RIYADH – Saudi Arabia’s economy would grow around 5.3 percent in 2012, its second highest growth rate in seven years, Jadwa Investment said Wednesday.
“Real GDP will expand by around 5.3 percent, fuelled by a 6.7 percent growth in the government sector and 5.1 percent increase in the hydrocarbon sector. The non-oil private sector is also expected to swell by about 4.9 percent.”
The report forecast though that the real GDP growth this will year will be lower than the 6.8 percent growth in 2011, when oil prices hit a record high average of around $106 a barrel and the Kingdom boosted its crude output by 1.1 million barrels per day to 9.3 million bpd.
Jadwa expected oil production to rise further to 9.6 million bpd in 2012 while the price of Saudi crude will remain as high as $100 a barrel.
The price of oil fell Wednesday after the government said US supplies of oil rose last week.
Benchmark oil fell 11 cents Wednesday to $97.06 per barrel in New York.
The supply report erased gains seen after a German court cleared a path for Europe to create a fund to bail out financially troubled countries. That’s one of several strategies Europe is pursuing to resolve its debt crisis.
Traders also are waiting to see if the Federal Reserve will offer more help for the US economy. Previous Fed stimulus efforts have encouraged investors to buy riskier assets such as oil.
Brent crude increased 43 cents to $115.20 per barrel in London.
At the pump, AAA says the national average price for gasoline rose 1.5 cents overnight to $3.858 per gallon.
In current prices, Saudi economy, the largest in the Arab world, is projected to rise by around 3.8 percent this year after rocketing by nearly 28 percent in 2011 and 19.7 percent in 2010. GDP plunged by about 20.9 percent in 2009 because of lower oil prices and a decline by around one million bpd in the country’s crude supply in the wake of the 2008 global fiscal distress.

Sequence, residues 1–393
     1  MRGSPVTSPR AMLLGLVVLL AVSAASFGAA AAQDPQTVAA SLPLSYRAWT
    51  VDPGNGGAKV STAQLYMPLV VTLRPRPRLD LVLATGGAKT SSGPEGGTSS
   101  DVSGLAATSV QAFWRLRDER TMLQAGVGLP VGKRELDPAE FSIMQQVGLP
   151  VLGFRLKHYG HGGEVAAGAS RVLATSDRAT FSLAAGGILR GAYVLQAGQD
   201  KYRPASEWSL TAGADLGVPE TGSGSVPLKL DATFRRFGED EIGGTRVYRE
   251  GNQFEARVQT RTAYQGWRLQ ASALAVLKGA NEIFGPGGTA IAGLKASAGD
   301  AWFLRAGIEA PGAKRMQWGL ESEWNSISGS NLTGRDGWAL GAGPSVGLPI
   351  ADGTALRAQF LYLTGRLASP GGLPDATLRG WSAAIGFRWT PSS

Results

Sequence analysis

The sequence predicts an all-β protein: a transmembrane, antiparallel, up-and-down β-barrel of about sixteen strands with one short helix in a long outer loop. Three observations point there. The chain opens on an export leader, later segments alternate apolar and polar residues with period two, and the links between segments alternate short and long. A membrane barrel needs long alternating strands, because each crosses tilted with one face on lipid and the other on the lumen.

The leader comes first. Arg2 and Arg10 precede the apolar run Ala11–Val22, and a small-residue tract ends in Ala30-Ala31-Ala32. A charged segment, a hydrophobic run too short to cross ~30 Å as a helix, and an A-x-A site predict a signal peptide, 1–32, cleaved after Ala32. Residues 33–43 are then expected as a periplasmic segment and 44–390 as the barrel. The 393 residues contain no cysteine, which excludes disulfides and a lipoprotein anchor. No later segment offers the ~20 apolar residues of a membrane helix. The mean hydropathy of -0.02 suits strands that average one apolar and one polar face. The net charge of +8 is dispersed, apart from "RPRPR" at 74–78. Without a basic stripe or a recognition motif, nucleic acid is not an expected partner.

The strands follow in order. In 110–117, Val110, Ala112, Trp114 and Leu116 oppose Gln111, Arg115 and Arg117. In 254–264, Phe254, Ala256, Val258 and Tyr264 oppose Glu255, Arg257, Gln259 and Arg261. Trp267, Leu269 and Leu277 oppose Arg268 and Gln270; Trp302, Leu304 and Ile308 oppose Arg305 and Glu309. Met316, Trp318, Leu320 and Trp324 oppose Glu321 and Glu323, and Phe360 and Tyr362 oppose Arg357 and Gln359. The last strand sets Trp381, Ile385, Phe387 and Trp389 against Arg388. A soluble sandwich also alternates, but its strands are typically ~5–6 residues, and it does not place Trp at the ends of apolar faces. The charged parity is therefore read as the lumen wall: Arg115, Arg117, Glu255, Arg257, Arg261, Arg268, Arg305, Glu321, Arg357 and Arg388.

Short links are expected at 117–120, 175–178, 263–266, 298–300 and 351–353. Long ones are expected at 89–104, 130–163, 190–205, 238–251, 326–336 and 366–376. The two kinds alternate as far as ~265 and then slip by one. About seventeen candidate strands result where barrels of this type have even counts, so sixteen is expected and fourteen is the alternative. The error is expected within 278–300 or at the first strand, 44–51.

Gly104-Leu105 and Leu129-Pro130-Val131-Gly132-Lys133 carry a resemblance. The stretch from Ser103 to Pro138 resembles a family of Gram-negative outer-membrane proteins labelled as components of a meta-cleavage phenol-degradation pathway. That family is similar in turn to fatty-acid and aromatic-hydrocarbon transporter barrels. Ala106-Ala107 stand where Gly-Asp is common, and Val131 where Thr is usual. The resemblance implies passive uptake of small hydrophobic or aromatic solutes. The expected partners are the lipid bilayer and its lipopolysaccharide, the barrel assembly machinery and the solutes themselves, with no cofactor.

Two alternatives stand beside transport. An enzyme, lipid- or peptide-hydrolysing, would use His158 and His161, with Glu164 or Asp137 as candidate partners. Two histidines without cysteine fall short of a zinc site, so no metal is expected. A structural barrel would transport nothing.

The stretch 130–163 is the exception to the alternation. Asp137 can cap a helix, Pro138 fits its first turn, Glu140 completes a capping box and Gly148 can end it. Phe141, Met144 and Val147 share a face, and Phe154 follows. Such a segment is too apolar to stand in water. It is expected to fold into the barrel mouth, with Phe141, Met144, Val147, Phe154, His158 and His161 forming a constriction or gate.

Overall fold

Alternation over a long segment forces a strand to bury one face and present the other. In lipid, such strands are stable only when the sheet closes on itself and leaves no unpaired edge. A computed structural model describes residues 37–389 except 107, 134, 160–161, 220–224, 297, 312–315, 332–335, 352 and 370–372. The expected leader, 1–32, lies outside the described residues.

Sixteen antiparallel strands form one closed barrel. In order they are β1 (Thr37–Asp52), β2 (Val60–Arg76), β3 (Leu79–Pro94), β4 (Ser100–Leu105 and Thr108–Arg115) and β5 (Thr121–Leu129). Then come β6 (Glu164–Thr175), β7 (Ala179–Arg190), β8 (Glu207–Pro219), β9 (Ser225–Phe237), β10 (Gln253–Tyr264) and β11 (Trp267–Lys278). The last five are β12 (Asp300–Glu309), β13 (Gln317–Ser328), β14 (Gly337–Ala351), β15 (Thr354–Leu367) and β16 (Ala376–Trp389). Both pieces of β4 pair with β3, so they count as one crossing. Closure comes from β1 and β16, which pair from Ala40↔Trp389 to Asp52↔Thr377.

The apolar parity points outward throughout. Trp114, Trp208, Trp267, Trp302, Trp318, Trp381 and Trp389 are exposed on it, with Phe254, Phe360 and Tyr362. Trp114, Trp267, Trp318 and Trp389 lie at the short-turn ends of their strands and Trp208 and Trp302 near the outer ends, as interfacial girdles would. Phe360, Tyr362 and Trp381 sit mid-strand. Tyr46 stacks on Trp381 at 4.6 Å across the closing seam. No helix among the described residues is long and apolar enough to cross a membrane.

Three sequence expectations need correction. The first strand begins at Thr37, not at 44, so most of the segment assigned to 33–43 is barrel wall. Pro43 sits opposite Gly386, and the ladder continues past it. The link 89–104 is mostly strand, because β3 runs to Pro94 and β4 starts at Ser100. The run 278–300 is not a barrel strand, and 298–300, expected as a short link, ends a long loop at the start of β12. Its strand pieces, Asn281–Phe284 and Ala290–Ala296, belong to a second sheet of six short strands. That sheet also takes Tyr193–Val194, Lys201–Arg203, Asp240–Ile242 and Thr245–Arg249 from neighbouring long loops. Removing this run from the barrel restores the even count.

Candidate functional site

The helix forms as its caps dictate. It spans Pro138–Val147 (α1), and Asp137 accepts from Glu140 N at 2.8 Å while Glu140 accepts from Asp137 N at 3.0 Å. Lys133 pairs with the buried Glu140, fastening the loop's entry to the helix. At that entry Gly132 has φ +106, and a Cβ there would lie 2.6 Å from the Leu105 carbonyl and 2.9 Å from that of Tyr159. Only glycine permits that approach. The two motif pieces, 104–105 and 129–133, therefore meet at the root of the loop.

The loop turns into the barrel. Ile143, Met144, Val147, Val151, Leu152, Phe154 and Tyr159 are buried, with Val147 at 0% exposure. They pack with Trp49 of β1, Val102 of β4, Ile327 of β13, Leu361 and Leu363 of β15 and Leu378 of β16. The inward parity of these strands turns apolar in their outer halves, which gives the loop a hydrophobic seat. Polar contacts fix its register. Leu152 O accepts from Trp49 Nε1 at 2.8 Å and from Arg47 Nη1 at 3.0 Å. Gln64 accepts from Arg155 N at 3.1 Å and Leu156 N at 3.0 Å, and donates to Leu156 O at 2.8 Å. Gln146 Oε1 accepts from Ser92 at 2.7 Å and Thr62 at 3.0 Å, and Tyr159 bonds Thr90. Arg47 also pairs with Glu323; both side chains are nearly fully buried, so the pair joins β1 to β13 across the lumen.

The Jadwa report showed nominal GDP will swell to its highest level of SR2.25 trillion in 2012 before slipping to nearly SR2.21 trillion in 2013.
Higher oil prices and output will also boost Saudi Arabia’s revenue by nearly SR392 billion above its budgeted revenue for 2012. Despite an expected surge in actual spending, the Kingdom will still record a fiscal surplus of around SR337 billion this year, its second highest surplus since the record SR581 billion surplus in 2008 and against a budget deficit of SR87 billion in 2009.
IEA forecast global oil demand of 89.8 million barrels a day in 2012 and of 90.6 million barrels in 2013, both up just marginally from its previous report released in August. The IEA said the adjustments reflected data revisions for 2011.
Moreover, Jadwa said the massive surplus would allow the Kingdom to slash its public debt to SR115 billion at the end of 2012 and SR100 billion at the end of 2013 from SR136 billion at the end of 2011.
The country’s foreign assets will also climb to an all time high of $758 billion at the end of this year from nearly $645 billion at the end of 2011. – SG/Agencies